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Focus on the Workforce: SME's Manufacturing Leadership Institute

David Csokasy




Perhaps this is manufacturing's perfect storm. The factors for this storm would include the challenges of an expanding global marketplace and pricing pressures, the downturn in the world's financial markets with the likelihood of a different model emerging once the economy rebounds, negative press about manufacturing caused by the challenges faced in the automotive sector, and the retirement of the baby-boom generation taking out many, if not most, manufacturing leaders.

While continual technological and process improvements have steadily diminished the need for lower-skilled production-level employees, the need for technicians and knowledge workers remains strong. Much like the transition from an agricultural society to an industrial society, the current transformation to the knowledge society is creating challenges and upsetting long-held paradigms. And yet, just as we continue to produce more and more agricultural products, we also continue to lead the world in terms of goods manufactured.

Running a manufacturing business and managing a workforce is more challenging than ever. Challenges include how to beat global competition, how to manage from a distance, how to capitalize on your organizational culture, how to deal with constant change and the subsequent stress it creates, how to implement great ideas such as lean, how to motivate and lead a team, and how to manage conflict. The old rules seem to be changing every day. Manufacturing leaders have to be quick studies, nimble, and trusting of their employees. Having deep skills and technological expertise is not enough. Becoming a leader, at any level, requires the development and utilization of strong people skills. Leadership is exclusively about people—you don't lead machines or processes, you lead people.

A particular challenge in the creation of leadership and management courses and activities concerns the new reality of constant change. In just 10 years, we have seen the meltdown, terrorist attacks, a series of wars and conflicts around the world, the rise of China and India as major markets, suppliers, and competitors, as well as the global economic collapse. Manufacturing leaders at all levels must be adept at reading these changes in the environment, and skilled at adjusting accordingly. Gone are the days of relative calm and long periods of stability for manufacturers. In addition to the traditional skills of developing a vision or project management, today's manufacturing leaders must also be competent in such new skills as project termination, global manners, emotional intelligence, and managing without authority.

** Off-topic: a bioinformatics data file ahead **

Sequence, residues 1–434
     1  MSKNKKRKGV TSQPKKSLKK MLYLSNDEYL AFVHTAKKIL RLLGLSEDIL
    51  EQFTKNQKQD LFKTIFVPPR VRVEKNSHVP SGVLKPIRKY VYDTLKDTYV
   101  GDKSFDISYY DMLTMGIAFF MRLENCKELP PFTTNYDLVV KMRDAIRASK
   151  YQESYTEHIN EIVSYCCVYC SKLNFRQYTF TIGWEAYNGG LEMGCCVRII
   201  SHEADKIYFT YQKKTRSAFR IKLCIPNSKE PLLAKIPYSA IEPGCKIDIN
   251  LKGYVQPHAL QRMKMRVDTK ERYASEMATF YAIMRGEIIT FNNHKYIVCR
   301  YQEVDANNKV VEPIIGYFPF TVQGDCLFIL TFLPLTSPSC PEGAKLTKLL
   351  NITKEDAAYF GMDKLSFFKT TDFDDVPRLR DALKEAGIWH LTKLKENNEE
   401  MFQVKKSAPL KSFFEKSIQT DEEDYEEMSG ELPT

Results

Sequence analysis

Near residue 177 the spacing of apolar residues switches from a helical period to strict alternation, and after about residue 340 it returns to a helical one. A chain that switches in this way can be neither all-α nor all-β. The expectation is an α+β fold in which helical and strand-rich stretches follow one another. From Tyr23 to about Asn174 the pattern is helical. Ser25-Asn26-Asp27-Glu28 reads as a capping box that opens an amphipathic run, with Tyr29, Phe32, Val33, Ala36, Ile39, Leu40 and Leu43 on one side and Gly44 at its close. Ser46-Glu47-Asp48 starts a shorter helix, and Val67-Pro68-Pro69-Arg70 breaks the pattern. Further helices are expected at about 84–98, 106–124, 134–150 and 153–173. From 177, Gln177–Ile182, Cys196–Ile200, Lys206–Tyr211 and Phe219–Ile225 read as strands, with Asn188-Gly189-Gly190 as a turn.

But where can they turn to learn to be more effective and efficient leaders? Taking time out for an advanced degree is not always possible, and is often very expensive. Training in short, targeted, and focused topics, combined with coaching and on-the-job action learning, may be the best solution.

     Table 1

A few years ago, a group of dedicated SME members from the Product and Process Design and Management Community (PPDMC) began to question the term "Management" in their title. The Manufacturing Leadership Institute Technical Group was soon formed to delve into issues of leading and managing the people aspects of the manufacturing enterprise. The Technical Group envisioned not only creating a manufacturing leadership-development model, but populating that model with targeted learning opportunities.

The team has been working for over two years, and has begun to offer webinars, author white papers, and provide leadership tracks at major association events such as SMEWESTEC and SAE-World Congress. The core passion of the group continues to be the creation of a manufacturing leadership institute. Defining leadership remains an elusive target but, for planning purposes, the team developed a core list of competencies required of all leaders. These core competencies are shown in Table 1.